Denver news in 5 minutes: What you need to know today, May 23

(Kevin J. Beaty/Denverite)

staff photo

No time for small talk — lots of worthwhile local reporting to catch up on this morning. We’ve got potential furnace fraud; the dropped case against a prominent real-estate broker; a long read on Denver’s tech scene; and more.

View of the clubhouse and swimming pool at the Green Mountain Townhouses in Lakewood, Colorado. Circa 1965. (Lloyd Rule/Denver Public Library/Western History Collection/Z-11829)  history colorado; historic; denver public library; dpl; archive; archival; denverite

View of the clubhouse and swimming pool at the Green Mountain Townhouses in Lakewood, Colorado. Circa 1965 (Lloyd Rule/Denver Public Library/Western History Collection/Z-11829)

Check your furnace:

A lawsuit alleges that Mile High Heating & Cooling has “intentionally avoided” getting permits for hundreds of jobs it did in Denver, in part to avoid scrutiny of its “allegedly shoddy and dangerous work,” David Migoya reports. (DP)

Beer in the gro-sto:

There are some significant disagreements over the plan to put full-strength beer in grocery stores and elsewhere in Colorado. And if the working group can’t figure its stuff out, full-strength beer could be sold in 7-Elevens, gas stations and more in 2019. Adrian reports. (Denverite)

Broker beats charges:

The Denver DA’s office has dropped charges against Patrick Finney, a real-estate broker who was accused of recording up-skirt videos of a colleague and others. The 18-month statute of limitations expired on the misdemeanor charges. (Denverite)


Here’s Westword’s guide to the boozy Denver Passport program, a $25 pass that gets you two-for-one deals at 68 different drinkeries. Apparently it sells out pretty quick. (Westword)

400 jobs to Denver:

Seattle-based Vertafore, an insurance tech company, is moving its headquarters to Curtis and 18th, Monica Mendoza reports. (DBJ)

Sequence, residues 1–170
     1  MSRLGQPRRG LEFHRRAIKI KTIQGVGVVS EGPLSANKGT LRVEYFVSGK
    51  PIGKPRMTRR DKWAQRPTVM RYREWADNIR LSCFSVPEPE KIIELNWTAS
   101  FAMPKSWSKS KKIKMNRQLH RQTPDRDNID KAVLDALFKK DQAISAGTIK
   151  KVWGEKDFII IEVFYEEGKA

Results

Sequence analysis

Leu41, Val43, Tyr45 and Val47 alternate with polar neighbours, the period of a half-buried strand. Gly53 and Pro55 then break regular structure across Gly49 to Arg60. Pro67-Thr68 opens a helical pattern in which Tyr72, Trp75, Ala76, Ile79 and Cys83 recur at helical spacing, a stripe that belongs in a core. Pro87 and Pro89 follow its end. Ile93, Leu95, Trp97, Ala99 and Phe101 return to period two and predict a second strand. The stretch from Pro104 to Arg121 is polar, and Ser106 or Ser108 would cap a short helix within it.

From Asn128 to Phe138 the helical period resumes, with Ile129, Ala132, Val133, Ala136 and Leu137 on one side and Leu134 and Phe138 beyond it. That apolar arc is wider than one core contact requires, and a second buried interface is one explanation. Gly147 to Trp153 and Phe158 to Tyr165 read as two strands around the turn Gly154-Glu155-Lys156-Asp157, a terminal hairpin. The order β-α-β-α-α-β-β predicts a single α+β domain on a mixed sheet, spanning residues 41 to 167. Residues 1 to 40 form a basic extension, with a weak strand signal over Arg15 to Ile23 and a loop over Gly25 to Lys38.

More on mobile homes:

Erica recently published a story on the disappearance of mobile homes in the Denver metro. Sam Brasch has similarly been doing some heavy-duty reporting on the subject. It’s obviously a topic that deserves the attention. (Denverite, CPR)

Wired goes long on Denver tech:

The tech startup that works literally next door to Denverite (at Galvanize; hi, Ross) is the subject of this Wired story about Denver’s tech transformation. The company, Covered, is an insurance-tech startup that has scaled up from a single employee to a sizable little office in the last few months.

The article’s central premise challenges the assumption that non-coastal cities really can produce the next Snapchat. Perhaps, Vahuni Vara suggests, Denver might be more like a home for “useful, if unglamorous, tech companies.” (WIRED)

Sentencing reform:

The Denver City Council slightly shortened the punishment for some misdemeanor crimes, which could protect legal non-citizen residents from deportation. (Denverite)

Water for hemp:

A new Colorado law gives growers of hemp (the non-drug form of cannabis) the assured right to use water from federal reservoirs, as Jim Mimiaga reports. (The Journal)

Gardening guide:

It’s time to plant some damn tomatoes, y’all. This will be useful. (Aurora Sentinel)

New bagels:

Looks like there are some decent new “Montreal-style bagels” at Woodgrain Bagels in Boulder. I appreciate a bagel that doesn’t pretend to be a New York/New Jersey bagel. (Eater)

Goodbye, Denver Post comments:

… as we know them. Describing its comments section as a “cesspoll of trolls and spam,” the paper’s instituting a new system that has commenters rate comments for civility. Some commenters are not happy! (DP)

Watch for the bus:

Denver’s Meet in the Street parties are coming back to 16th Street Mall, but this time they’ll have to watch for the shuttle, which will not be rerouted. Megan, go! (Denverite)

Wheat Ridge:

Alan Prendergast goes long on Wheat Ridge’s long-running experiment in reducing the number of lanes on its roads. (Westword)